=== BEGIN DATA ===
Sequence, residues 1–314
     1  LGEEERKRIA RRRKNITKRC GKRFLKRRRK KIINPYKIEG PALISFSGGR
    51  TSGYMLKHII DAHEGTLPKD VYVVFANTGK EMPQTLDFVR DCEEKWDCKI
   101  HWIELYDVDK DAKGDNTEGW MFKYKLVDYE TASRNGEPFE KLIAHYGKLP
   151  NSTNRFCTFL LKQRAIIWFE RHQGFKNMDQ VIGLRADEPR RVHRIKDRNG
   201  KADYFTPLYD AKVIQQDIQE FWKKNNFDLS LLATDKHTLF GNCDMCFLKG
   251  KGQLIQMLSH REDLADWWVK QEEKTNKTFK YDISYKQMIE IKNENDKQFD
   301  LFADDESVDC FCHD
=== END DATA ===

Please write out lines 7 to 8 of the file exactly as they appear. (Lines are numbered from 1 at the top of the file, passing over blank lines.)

   251  KGQLIQMLSH REDLADWWVK QEEKTNKTFK YDISYKQMIE IKNENDKQFD
   301  LFADDESVDC FCHD